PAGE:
Putting Education Reform To The Test

How Florida Schools Are Coping With Budget Cuts

Joe Raedle / Getty Images News

Teachers rally against proposed budget cuts in March

Seminole County could turn classroom thermostats all the way up and athletes may have to pay to wear their school’s uniform.

The wife of a Polk County Tea Party congressman led a failed effort to raise money for college counselors whose positions were eliminated.

Many students can no longer walk to catch the bus after districts merged stops.

School districts have been forced to make painful budget choices as state property values decline and the economy continues to sputter. More than $2.1 billion has been cut from state education spending since 2008, according to the state education department.

This year, districts are facing an 8 percent cut, or $542 per student.

Every district has coped differently.

Schools have maintained services with the help of one-time federal aid the past two years, and many districts used that time to prepare for the money running out this September.

Hillsborough and Miami-Dade counties managed a softer landing by targeting administration and other overhead.  Cutting central-office spending meant the districts avoided teacher layoffs and unpaid leave.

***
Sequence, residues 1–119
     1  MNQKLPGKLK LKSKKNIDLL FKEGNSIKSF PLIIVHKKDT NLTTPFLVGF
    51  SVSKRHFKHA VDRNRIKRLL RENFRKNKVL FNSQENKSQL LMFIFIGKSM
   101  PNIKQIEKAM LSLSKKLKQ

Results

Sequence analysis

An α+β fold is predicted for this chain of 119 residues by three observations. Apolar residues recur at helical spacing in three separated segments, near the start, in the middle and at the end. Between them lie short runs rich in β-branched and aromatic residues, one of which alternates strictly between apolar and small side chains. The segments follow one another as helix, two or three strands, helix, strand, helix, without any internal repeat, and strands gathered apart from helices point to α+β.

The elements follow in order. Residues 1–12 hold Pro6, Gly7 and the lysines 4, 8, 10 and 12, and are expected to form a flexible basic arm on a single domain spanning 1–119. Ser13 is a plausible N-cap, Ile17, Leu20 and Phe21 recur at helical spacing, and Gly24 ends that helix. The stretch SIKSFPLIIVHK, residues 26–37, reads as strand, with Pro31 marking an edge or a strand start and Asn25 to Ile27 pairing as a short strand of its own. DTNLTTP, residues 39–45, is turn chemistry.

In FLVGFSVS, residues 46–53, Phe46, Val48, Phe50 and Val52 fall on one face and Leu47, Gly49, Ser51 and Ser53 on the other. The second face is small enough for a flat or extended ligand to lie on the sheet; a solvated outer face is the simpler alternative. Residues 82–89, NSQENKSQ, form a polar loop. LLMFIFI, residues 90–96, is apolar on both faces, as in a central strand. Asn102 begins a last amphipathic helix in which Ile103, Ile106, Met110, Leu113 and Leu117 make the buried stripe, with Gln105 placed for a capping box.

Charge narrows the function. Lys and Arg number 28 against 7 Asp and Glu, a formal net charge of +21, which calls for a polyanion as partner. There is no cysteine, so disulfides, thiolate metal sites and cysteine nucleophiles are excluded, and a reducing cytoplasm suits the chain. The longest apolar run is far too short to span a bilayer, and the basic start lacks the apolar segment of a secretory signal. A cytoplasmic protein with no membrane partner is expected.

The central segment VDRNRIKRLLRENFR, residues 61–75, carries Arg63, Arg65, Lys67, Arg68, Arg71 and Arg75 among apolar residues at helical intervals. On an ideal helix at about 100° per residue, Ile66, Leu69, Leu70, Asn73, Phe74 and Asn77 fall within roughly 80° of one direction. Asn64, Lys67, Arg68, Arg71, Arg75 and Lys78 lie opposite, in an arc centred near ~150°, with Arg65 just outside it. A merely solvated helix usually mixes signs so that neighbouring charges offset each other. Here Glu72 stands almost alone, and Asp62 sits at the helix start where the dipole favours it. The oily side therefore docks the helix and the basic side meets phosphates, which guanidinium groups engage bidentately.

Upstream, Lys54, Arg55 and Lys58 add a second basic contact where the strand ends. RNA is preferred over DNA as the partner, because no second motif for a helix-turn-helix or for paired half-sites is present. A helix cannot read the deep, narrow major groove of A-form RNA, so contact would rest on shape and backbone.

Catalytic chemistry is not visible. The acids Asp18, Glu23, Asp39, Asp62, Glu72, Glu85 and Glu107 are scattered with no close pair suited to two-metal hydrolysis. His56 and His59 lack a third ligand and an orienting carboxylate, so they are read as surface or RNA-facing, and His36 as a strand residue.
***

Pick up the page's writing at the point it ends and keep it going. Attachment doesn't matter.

Hillsborough has trimmed $170 million from its administrative costs since 2007. District management took a pay cut in Miami-Dade as part of $95 million in administrative savings.

Orange County and Palm Beach County voters raised taxes to lessen the blow.

Other districts laid off teachers, forced staff to take unpaid leave or eliminated programs that may be popular but are not necessary for graduation.

“It’s Not Fair On The Kids”

South Florida’s Broward County, the nation’s sixth-largest school district, faces the biggest budget hole of any of the state’s urban districts.

Broward has laid off 2,400 workers, mostly teachers, to close a budget shortfall of more than $170 million.

“It’s not fair on the kids,” said Declan Lyons, a Latin and French teacher at Cypress Bay High in Broward County. “And now those kids have to be crammed into a room with teachers like cattle. It’s a strain on the kids, it’s a strain on the teachers and it’s a strain on the administration.”

“That’s our core value. That’s what we do. That’s our business.”

-Broward County schools’ assistant budget director Becky McMahan

Cypress Bay had to lay off 40 of Lyons’ colleagues due to cuts. A world languages class has grown to 37 students, making the task of teaching foreign language more difficult, Lyons said. The average Broward County teacher salary has declined 16 percent since 2008, the most in the state according to state education department data.

This was the toughest budget year district finance expert Becky McMahan has seen. The district exhausted $64 million in one-time funds to pay for teachers last year, she said.

The district could not hire those teachers again this year.

“That’s our core value. That’s what we do. That’s our business,” McMahan said.

Sweating Next Year’s Budget